As director of the Earth Institute at the New York-based Columbia University, economist Jeffrey Sachs has advised prime ministers, scientists and United Nations diplomats on climate change. Hindustan Times caught up with him for an interview in New Delhi. Excerpts:
To be strong negotiators at Copenhagen, both India and the US will have to make a credible domestic commitment to fighting climate change. Do you think either nation has made that kind of commitment?
Neither of us has passed the main test, which is putting it through the parliament. In the United States the Senate is still divided over climate legislation. In India, Minister (Jairam) Ramesh has said that the government is going to put forward a climate action plan before parliament. But we’re running out of time.
Should rich nations be paying for the adoption of low carbon technologies by developing countries such as India and China?
I am completely in favour of the United States helping to finance climate change mitigation in India. We should be helping India to pay the costs of India’s solar mission, for example. In 10 to 15 years, when India reaches a higher level of income, then they’ll be able to assume the costs themselves.
In the case of China, I don’t think rich nations need to be paying for them. We feel China will be a leader in low-carbon technologies very soon, so there’s a little bit of reticence (on the part of rich nations) to finance that leadership. I think it will cost around 1 per cent of global GNP (gross national product), every year, so we can definitely afford it.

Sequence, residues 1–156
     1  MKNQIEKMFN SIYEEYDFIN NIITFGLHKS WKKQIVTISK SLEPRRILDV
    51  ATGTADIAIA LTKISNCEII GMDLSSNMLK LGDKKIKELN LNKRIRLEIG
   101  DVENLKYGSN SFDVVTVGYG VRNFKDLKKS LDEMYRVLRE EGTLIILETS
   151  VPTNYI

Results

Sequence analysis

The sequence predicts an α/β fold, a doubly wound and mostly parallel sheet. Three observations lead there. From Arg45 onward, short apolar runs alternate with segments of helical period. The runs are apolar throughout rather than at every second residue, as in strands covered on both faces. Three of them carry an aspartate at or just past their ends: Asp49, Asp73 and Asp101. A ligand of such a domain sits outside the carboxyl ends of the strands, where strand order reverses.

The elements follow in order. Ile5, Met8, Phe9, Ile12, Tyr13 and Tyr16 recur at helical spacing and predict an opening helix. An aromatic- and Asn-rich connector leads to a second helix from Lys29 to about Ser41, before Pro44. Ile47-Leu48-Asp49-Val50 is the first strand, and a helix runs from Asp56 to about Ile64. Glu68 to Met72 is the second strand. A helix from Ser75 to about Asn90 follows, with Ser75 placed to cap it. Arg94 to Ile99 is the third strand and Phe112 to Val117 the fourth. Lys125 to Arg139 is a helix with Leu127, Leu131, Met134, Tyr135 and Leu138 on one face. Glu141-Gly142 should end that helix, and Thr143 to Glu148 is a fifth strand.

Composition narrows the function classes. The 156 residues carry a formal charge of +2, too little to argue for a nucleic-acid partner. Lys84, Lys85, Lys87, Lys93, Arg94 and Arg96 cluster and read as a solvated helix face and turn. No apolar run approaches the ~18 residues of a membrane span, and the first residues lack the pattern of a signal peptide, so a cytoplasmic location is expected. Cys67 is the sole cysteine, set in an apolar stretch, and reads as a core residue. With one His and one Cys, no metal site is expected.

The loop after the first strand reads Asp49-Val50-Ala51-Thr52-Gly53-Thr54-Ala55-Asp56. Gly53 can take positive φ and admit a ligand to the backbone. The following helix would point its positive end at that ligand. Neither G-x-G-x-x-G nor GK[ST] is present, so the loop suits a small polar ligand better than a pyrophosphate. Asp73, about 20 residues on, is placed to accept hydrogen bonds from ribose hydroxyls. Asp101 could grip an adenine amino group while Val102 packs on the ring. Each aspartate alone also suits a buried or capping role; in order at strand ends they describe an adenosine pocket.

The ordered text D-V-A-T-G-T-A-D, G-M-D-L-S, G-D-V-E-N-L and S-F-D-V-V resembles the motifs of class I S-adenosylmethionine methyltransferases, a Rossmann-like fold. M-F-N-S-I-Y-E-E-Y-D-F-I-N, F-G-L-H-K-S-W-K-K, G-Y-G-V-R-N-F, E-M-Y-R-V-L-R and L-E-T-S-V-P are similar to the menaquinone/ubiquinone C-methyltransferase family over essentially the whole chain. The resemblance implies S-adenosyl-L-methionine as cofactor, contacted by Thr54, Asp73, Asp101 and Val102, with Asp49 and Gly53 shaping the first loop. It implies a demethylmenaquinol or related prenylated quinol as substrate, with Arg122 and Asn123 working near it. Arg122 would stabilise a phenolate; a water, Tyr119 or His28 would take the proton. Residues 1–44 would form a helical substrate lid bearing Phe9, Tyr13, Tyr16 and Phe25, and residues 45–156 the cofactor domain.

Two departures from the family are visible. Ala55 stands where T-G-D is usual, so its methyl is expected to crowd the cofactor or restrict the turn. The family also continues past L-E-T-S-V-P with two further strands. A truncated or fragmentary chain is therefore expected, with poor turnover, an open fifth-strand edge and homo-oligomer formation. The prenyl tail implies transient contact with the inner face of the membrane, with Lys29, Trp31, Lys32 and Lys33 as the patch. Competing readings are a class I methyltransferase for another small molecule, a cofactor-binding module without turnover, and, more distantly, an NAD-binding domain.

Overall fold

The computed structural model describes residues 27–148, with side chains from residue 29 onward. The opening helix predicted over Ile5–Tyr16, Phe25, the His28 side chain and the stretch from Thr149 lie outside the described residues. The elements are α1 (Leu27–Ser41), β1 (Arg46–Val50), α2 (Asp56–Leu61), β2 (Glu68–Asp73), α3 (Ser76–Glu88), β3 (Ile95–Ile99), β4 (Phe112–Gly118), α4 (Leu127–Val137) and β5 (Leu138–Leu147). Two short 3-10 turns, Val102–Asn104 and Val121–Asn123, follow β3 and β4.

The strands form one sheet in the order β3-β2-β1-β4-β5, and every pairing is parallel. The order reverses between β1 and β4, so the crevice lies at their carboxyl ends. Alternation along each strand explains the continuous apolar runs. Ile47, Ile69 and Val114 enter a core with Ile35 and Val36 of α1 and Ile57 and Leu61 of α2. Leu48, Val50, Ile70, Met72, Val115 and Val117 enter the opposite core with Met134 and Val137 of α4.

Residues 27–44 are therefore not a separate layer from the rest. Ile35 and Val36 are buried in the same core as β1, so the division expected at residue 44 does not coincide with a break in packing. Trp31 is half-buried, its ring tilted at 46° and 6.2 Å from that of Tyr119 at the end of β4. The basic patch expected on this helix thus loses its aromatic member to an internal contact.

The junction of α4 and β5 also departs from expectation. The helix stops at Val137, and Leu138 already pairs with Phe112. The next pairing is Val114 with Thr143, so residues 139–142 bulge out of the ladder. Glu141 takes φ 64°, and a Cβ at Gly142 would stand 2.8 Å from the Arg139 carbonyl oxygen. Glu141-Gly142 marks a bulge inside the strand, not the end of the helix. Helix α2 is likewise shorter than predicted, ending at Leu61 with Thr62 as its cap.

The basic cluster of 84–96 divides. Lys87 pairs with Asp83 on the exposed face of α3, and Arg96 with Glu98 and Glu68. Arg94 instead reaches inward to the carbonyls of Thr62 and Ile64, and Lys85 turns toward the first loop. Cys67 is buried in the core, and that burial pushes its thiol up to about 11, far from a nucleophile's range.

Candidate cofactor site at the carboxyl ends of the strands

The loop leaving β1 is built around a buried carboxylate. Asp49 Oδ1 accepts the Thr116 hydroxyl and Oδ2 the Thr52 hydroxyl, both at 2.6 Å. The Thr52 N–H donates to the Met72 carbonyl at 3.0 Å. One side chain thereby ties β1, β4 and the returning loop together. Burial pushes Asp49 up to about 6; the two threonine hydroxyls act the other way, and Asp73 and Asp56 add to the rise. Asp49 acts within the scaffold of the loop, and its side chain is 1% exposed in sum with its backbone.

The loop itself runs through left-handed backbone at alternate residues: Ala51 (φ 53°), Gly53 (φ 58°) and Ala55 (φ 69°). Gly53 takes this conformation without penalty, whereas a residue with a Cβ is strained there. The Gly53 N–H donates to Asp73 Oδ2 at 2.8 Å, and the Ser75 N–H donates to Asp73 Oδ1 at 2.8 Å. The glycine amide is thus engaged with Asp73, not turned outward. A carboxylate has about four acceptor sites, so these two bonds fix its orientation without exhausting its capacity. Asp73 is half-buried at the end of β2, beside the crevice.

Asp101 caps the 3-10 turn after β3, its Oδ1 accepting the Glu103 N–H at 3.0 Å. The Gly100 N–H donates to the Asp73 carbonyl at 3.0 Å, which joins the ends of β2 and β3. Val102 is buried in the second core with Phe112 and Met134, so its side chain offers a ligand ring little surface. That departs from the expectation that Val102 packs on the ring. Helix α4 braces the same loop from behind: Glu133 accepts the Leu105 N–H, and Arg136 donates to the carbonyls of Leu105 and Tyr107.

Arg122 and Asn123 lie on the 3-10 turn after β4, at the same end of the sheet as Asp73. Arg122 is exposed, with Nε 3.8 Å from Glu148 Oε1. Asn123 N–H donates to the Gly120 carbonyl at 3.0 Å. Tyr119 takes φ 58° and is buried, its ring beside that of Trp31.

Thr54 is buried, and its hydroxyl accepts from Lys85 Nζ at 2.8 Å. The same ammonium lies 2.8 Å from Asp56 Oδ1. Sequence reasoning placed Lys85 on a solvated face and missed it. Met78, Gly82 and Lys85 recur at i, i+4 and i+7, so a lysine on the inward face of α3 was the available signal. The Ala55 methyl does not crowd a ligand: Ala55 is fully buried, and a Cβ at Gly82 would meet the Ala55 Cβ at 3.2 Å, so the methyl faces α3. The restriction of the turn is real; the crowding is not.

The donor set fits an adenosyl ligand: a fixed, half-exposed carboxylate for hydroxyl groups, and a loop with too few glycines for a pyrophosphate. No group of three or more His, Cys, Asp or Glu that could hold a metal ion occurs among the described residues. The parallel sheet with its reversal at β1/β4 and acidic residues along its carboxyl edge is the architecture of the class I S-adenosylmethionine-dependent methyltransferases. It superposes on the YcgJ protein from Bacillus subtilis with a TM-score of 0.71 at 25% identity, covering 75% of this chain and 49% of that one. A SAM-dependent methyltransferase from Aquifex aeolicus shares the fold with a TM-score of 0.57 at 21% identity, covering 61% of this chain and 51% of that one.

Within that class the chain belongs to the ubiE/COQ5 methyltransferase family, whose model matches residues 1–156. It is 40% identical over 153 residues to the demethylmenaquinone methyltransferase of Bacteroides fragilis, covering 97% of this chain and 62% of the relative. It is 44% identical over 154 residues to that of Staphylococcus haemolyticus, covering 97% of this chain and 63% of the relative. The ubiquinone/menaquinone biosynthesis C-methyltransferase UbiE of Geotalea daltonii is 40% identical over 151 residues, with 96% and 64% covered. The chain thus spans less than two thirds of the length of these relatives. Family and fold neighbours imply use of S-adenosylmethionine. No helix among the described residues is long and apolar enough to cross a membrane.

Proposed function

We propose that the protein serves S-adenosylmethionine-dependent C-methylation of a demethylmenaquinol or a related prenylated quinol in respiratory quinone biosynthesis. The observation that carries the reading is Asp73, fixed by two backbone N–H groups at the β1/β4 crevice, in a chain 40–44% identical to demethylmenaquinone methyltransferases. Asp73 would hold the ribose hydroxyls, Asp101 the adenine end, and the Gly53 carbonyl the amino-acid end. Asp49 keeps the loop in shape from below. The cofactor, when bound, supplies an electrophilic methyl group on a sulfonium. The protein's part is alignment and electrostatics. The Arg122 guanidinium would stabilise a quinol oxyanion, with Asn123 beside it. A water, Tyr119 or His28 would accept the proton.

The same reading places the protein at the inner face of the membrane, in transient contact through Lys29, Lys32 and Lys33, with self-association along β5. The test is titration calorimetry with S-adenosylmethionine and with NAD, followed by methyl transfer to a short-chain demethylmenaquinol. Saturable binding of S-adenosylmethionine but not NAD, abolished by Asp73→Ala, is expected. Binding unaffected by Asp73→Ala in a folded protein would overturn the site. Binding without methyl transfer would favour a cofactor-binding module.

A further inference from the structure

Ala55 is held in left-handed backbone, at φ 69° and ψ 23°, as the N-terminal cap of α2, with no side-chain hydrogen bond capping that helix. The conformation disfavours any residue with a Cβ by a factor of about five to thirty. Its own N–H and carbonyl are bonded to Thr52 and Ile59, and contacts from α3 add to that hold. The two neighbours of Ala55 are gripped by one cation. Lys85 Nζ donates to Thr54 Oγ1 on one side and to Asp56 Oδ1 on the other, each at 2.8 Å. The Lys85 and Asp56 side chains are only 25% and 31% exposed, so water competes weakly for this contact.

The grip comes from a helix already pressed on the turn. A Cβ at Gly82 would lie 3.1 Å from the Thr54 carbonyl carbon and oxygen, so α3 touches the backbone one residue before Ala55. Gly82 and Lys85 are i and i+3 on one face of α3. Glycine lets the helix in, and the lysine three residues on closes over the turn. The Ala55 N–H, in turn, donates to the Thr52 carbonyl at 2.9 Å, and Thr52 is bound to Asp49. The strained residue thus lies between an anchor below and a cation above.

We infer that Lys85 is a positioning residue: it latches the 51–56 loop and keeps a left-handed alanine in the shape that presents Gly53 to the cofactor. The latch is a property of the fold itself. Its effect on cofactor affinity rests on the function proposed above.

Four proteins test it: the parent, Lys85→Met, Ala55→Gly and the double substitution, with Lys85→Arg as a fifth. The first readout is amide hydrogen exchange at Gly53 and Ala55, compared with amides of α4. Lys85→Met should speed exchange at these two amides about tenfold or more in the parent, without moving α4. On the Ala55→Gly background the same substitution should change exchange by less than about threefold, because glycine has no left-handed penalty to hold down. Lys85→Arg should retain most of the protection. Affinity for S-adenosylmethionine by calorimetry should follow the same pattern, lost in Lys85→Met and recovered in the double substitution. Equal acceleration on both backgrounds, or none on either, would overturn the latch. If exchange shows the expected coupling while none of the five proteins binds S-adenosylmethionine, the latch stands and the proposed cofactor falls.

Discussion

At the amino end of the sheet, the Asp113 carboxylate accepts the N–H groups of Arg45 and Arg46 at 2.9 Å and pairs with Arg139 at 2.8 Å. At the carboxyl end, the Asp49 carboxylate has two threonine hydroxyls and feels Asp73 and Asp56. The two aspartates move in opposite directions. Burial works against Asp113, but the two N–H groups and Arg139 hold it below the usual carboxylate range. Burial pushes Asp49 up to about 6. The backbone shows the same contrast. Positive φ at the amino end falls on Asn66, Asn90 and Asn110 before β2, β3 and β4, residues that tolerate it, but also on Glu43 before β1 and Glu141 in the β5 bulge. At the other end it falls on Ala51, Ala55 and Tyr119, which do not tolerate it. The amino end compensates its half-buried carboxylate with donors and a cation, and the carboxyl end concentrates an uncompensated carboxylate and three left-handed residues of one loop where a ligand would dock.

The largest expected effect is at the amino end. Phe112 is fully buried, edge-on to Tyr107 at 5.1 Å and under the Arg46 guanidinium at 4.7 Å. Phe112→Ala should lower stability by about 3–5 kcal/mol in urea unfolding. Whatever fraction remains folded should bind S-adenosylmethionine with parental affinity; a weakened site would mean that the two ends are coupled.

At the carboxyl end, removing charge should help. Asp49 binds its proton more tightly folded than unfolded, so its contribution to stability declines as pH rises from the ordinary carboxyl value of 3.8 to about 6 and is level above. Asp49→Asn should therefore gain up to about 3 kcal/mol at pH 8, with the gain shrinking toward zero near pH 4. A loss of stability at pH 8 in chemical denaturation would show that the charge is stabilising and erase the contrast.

You’ve supported a carbon tax in the past. Do you think developing countries should also have such a tax?
If the United States were to put price on carbon, say $15 a ton, they could transfer a percentage of that revenue to India so that India could compensate low energy users. But India too will need to find a way to put a price on carbon emissions over time that will tilt the market forces towards energy efficiency. If it remains completely free to put carbon up into the air then the incentives to control it won’t be there.
We focus a lot on the economic costs of switching to low-carbon technologies. How would this switch create opportunities for India?
Whenever we are in a period of technological change there is opportunity.
Countries that become technological leaders in green technologies will have a major global competitive advantage because these will be the products on sale all over the world for the next 30 years.
If India moves fast enough, it will be the exporter of these technologies. This is already happening. There are Indian electric vehicle manufacturers that are exploring US sites. So climate change is an opportunity for the next generation of technological leadership.